Mingo v. Barnes

Decision Date12 July 2021
Docket Number9:20-cv-02308-TMC-MHC
PartiesKemuel Cornelius Mingo, Petitioner, v. Nanette Barnes, Warden of FCI Bennettsville, Respondent.
CourtU.S. District Court — District of South Carolina


Molly H. Cherry, United States Magistrate Judge.

Petitioner Kemuel Cornelius Mingo (Petitioner), a federal inmate currently incarcerated at the Federal Correctional Institution (“FCI”) Bennettsville, petitions the Court for a writ of habeas corpus under 28 U.S.C. § 2241 (“the Petition”). Pursuant to 28 U.S.C. § 636(b)(1)(B) and Local Civil Rule 73.02(B)(1)(c) (D.S.C.) the Petition was assigned to the undersigned for a Report and Recommendation. Respondent filed a Motion for Summary Judgment, ECF No. 11, and Petitioner filed a Response in Opposition, ECF No. 22. For the reasons that follow, the Court concludes that it lacks subject matter jurisdiction to entertain the petition and the matter should be dismissed.

A. Petitioner's conviction and sentence

In 2003, a grand jury in the Western District of North Carolina indicted Petitioner, charging him with possession of a firearm by a felon in violation of 18 U.S.C. § 922(g)(1) (Count One); possession with intent to distribute a mixture and substance containing cocaine base in violation of 21 U.S.C. § 841 (Count Two); and using and carrying a firearm during and in relation to a drugtrafficking offense in violation of 18 U.S.C. § 924(c)(1) (Count Three). See United States v. Mingo, 237 Fed.Appx. 860, 861-62 (4th Cir. 2007) (detailing the underlying offenses). Petitioner proceeded to trial in November 2003. Of particular importance, the evidence at trial included Petitioner's stipulation that he is a convicted felon. See Id. at 862 (“As a part of its instructions [to the jury] on Count One (felon-in-possession), the court explained that the parties had stipulated that Mingo is a convicted felon.”); see also United States v. Mingo, No. 3:03-cr-00014-KDB-DSC-1 (W.D. N.C. terminated July 25, 2005), ECF No. 34 (stipulation that “Mingo is a convicted felon”).[1] The jury convicted Petitioner of all counts. Mingo, 237 Fed.Appx. at 862; Mingo, No. 3:03-cr-00014-KDB-DSC-1, ECF No. 39.

The District Court in the Western District of North Carolina sentenced Petitioner to 120 months of imprisonment on Count One and 262 months of imprisonment on Count Two, to be served concurrently, and to a 60-month consecutive sentence on Count Three. See Mingo v. United States, No. 3:03CR14, 2009 WL 426558, at *1 (W.D. N.C. Feb. 20, 2009). Petitioner appealed, challenging his § 924(c) conviction by arguing that the trial court erred by not limiting its instruction on constructive possession to Count One, by constructively amending the Indictment as to Count Three, and by failing to offer alternative verdict forms as to Count Three. Mingo, 237 Fed.Appx. at 862-63. The Fourth Circuit affirmed. Id. at 868.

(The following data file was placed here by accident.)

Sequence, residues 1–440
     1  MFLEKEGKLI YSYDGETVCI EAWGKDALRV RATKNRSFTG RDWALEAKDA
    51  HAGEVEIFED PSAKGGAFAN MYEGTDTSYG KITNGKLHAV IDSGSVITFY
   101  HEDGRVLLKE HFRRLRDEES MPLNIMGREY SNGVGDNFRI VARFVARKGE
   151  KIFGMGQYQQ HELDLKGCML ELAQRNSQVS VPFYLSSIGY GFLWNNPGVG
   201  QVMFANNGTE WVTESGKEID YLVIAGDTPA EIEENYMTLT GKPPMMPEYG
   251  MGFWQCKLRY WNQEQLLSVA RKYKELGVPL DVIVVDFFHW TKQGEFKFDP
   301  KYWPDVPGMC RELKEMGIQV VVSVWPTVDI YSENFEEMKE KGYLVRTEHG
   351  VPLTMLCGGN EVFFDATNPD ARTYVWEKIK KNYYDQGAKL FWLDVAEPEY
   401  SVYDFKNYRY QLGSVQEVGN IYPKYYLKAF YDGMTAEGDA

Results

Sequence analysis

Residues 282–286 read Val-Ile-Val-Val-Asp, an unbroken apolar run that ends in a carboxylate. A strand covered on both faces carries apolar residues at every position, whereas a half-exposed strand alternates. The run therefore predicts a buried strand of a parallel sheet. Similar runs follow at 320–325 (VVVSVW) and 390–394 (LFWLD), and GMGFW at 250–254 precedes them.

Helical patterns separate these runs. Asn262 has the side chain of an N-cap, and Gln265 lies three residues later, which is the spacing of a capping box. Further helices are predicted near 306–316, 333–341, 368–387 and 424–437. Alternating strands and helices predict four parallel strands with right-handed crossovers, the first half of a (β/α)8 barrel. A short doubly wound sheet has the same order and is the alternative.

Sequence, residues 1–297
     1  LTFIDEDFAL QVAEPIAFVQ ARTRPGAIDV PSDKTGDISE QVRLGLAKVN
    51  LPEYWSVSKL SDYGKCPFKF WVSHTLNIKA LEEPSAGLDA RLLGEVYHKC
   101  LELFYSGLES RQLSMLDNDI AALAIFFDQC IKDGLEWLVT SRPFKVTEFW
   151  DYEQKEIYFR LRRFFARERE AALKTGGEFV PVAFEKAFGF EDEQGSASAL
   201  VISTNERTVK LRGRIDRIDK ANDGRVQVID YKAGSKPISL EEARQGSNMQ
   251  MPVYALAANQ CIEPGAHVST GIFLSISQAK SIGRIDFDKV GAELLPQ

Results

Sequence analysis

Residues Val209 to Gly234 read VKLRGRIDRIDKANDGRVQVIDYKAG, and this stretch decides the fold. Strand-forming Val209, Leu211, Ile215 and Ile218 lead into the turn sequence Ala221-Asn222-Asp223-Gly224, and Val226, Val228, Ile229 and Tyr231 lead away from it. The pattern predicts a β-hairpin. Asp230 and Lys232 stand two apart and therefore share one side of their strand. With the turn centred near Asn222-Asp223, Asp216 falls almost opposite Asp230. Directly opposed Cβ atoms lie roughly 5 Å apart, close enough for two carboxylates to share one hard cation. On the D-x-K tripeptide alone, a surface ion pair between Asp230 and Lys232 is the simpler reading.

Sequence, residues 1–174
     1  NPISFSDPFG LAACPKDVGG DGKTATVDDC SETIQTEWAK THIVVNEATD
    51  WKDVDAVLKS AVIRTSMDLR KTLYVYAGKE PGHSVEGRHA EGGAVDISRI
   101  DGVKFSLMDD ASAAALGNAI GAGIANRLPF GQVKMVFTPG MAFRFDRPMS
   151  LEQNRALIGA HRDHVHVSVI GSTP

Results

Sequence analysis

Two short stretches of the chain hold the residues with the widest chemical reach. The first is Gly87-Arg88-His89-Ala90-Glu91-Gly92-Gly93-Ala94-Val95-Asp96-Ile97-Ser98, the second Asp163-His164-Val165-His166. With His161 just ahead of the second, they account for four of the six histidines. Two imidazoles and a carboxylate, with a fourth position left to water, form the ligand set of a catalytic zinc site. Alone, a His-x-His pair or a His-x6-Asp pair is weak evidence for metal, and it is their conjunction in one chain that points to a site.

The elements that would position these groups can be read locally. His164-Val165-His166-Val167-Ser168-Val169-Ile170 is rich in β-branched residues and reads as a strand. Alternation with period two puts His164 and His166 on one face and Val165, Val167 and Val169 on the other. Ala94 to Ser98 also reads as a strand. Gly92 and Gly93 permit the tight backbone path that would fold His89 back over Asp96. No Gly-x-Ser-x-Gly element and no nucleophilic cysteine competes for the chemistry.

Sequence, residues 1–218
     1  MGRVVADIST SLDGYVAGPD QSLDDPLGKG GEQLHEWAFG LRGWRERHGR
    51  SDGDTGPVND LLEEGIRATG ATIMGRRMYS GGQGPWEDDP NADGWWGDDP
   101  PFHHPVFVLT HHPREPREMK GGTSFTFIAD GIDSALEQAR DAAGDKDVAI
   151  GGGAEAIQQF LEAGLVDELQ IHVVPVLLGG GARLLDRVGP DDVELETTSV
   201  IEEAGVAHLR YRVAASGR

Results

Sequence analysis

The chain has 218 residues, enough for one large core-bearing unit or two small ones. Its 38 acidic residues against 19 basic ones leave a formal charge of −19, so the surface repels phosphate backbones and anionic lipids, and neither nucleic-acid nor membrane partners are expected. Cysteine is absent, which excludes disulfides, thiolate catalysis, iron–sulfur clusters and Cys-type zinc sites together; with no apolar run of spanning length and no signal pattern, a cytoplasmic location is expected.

B. Petitioner's relevant prior post-conviction motions

In 2009, Petitioner filed his first motion to vacate under 28 U.S.C. § 2255. The District Court for the Western District of North Carolina denied relief. See Mingo, 2009 WL 426558, at *5. The Fourth Circuit denied a certificate of appealability and dismissed the appeal. United States v. Mingo, 332 Fed.Appx. 874 (4th Cir. 2009). In 2012, Petitioner filed a second § 2255 motion to vacate, which the same District Court ultimately denied as successive. Mingo v. United States, No. 3:03-CR-14-RLV-CH-1, 2013 WL 2370721, at *3-4 (W.D. N.C. May 30, 2013)[2] The Fourth Circuit ultimately denied a certificate of appealability and dismissed the appeal as to Petitioner's request for relief under § 2255 and affirmed the remainder of the District Court's judgment. United States v. Mingo, 708 Fed.Appx. 140, 141 (4th Cir. 2018). In 2016, Petitioner filed a motion for authorization to file a successive § 2255 motion, and the Fourth Circuit denied the motion. In re Mingo, No. 16-9190 (4th Cir. June 20, 2016).

Petitioner has also filed two other petitions pursuant to 28 U.S.C. § 2241, both of which were dismissed. See Mingo v. Bragg, No. 9:18-cv-1333-TMC (D.S.C. December 26, 2018); Mingo v. Bragg, No. CV 9:20-0010-JD-MHC, 2021 WL 327377 (D.S.C. Feb. 1, 2021).

C. Petitioner's current § 2241 petition

Petitioner filed the present § 2241 habeas petition in June 2020. ECF No. 1. He contends that his Count One felon-in-possession conviction under § 922(g)(1) should be vacated in light of Rehaif v. United States, 139 S.Ct. 2191 (2019) because the indictment and the jury instructions were defective. ECF No. 1-1 at 1-2. He further maintains that his Count Two § 841 drug offense and Count Three § 924(c) offense should be vacated because he would have faced only state charges had he not been charged under § 922(g)(1) as a felon-in-possession. ECF No. 1-1 at 1-2.